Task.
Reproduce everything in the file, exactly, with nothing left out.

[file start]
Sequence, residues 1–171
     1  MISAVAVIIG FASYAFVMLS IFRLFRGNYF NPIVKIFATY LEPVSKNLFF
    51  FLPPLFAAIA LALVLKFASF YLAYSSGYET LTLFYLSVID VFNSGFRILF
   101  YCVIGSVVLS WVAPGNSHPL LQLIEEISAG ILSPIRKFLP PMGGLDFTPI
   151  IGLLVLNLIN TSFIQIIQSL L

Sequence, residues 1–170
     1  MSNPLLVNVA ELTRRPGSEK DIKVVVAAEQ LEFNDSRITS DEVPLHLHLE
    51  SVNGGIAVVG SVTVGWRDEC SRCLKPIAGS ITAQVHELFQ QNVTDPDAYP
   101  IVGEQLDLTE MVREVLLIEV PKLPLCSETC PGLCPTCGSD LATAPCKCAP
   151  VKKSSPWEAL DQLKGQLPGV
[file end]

Sequence, residues 1–171
     1  MISAVAVIIG FASYAFVMLS IFRLFRGNYF NPIVKIFATY LEPVSKNLFF
    51  FLPPLFAAIA LALVLKFASF YLAYSSGYET LTLFYLSVID VFNSGFRILF
   101  YCVIGSVVLS WVAPGNSHPL LQLIEEISAG ILSPIRKFLP PMGGLDFTPI
   151  IGLLVLNLIN TSFIQIIQSL L

Sequence, residues 1–170
     1  MSNPLLVNVA ELTRRPGSEK DIKVVVAAEQ LEFNDSRITS DEVPLHLHLE
    51  SVNGGIAVVG SVTVGWRDEC SRCLKPIAGS ITAQVHELFQ QNVTDPDAYP
   101  IVGEQLDLTE MVREVLLIEV PKLPLCSETC PGLCPTCGSD LATAPCKCAP
   151  VKKSSPWEAL DQLKGQLPGV